• In order to better review licensing submittals for a High-Level Waste Repository, the US Nuclear Regulatory Commission staff has expanded and improved its capability to conduct performance assessments. This report documents an initial demonstration of this capability. The demonstration made use of the limited data from Yucca Mountain, Nevada to investigate a small set of scenario classes. Models of release and transport of radionuclides from a repository via the groundwater and direct release pathways provided preliminary estimates of releases to the accessible environment for a 10,000 year simulation time. Latin hypercube sampling of input parameters was used to express resultsmore » as distributions and to investigate model sensitivities. This methodology demonstration should not be interpreted as an estimate of performance of the proposed repository at Yucca Mountain, Nevada. By expanding and developing the NRC staff capability to conduct such analyses, NRC would be better able to conduct an independent technical review of the US Department of Energy (DOE) licensing submittals for a high-level waste (HLW) repository. These activities were divided initially into Phase 1 and Phase 2 activities. Additional phases may follow as part of a program of iterative performance assessment at the NRC. The NRC staff conducted Phase 1 activities primarily in CY 1989 with minimal participation from NRC contractors. The Phase 2 activities were to involve NRC contractors actively and to provide for the transfer of technology. The Phase 2 activities are scheduled to start in CY 1990, to allow Sandia National Laboratories to complete development and transfer of computer codes and the Center for Nuclear Waste Regulatory Analyses (CNWRA) to be in a position to assist in the acquisition of the codes.« less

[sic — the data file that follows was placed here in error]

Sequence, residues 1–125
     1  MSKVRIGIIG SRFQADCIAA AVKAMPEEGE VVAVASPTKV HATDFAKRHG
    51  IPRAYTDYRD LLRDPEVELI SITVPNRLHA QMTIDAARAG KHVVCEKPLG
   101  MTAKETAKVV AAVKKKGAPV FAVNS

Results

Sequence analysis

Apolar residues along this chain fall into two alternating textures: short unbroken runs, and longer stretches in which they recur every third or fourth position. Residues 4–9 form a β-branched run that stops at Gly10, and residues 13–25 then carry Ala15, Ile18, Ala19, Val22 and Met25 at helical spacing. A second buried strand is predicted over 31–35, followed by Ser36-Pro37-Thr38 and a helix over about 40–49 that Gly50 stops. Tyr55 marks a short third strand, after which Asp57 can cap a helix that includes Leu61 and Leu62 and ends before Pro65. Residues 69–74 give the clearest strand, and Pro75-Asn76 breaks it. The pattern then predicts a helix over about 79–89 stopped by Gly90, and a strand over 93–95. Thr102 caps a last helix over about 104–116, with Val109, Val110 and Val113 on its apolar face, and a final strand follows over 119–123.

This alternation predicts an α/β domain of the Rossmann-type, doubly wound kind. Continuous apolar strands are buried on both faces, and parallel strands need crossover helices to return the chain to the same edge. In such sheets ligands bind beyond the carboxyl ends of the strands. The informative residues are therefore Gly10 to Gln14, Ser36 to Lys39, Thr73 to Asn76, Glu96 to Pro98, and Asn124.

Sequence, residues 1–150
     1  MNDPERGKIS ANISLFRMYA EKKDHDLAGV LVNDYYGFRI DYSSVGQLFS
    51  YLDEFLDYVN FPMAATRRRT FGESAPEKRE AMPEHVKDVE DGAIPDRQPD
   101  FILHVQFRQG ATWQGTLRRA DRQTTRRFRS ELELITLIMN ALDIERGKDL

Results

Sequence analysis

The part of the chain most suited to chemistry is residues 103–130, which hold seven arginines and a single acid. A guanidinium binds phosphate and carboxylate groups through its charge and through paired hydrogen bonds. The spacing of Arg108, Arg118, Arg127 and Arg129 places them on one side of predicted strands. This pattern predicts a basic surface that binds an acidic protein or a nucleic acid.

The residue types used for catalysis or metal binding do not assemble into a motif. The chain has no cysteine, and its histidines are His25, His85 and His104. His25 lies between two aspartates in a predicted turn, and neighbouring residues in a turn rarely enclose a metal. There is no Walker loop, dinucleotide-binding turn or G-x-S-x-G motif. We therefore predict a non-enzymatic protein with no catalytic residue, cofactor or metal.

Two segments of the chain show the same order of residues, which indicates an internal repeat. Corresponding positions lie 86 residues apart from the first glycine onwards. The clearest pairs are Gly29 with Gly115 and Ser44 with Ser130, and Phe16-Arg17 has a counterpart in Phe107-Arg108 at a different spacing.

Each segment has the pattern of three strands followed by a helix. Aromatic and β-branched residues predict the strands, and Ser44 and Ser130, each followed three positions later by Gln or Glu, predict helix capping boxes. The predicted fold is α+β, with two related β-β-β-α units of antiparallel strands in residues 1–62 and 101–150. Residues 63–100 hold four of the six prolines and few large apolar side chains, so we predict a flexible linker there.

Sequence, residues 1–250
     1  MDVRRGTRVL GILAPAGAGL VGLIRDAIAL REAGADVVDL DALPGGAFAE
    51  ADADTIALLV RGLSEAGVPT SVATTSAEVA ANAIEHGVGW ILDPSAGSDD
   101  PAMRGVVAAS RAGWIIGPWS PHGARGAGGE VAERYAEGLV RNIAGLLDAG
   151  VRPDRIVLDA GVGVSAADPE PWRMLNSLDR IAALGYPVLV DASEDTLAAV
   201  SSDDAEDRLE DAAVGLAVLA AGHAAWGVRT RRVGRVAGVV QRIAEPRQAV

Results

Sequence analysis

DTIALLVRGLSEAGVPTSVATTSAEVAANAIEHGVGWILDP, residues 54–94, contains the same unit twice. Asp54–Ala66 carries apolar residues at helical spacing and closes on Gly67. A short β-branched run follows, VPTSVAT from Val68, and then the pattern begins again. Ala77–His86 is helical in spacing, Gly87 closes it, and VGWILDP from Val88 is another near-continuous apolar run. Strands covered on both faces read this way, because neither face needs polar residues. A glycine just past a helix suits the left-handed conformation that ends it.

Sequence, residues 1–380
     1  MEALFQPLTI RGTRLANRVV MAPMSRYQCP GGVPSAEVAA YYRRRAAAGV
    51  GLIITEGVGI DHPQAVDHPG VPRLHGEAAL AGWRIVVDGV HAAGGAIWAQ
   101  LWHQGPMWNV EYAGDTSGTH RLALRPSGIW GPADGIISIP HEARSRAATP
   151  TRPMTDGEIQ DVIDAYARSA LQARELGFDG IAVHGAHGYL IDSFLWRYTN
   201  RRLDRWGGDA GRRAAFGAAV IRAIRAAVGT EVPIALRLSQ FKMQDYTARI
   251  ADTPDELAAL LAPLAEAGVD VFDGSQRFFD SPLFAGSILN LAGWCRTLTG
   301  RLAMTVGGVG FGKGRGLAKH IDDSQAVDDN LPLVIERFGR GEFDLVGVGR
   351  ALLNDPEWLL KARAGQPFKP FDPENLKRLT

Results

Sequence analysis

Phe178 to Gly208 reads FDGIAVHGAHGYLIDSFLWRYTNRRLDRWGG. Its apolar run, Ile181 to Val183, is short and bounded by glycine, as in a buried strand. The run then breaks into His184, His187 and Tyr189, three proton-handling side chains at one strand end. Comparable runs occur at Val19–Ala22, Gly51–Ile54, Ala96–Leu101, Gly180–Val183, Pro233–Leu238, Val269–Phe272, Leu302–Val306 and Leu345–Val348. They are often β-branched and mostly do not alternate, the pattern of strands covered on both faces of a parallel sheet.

• Additional information is presented on the methods used in the Core Protection Calculators (CPC) to process sensor information and initiate a Low DNBR trip. A detailed examination of the uncertainties associated with the synthesis of the ''static'' DNBR and the ability with which the CPC's accommodate CEA misalignments are presented. The overpower margin uncertainty assigned to the CPC synthesized DNBR is given in each of nine regions of core operating space. The uncertainty in the region of normal operation is 2.6 percent at the 95/95 confidence level. (auth)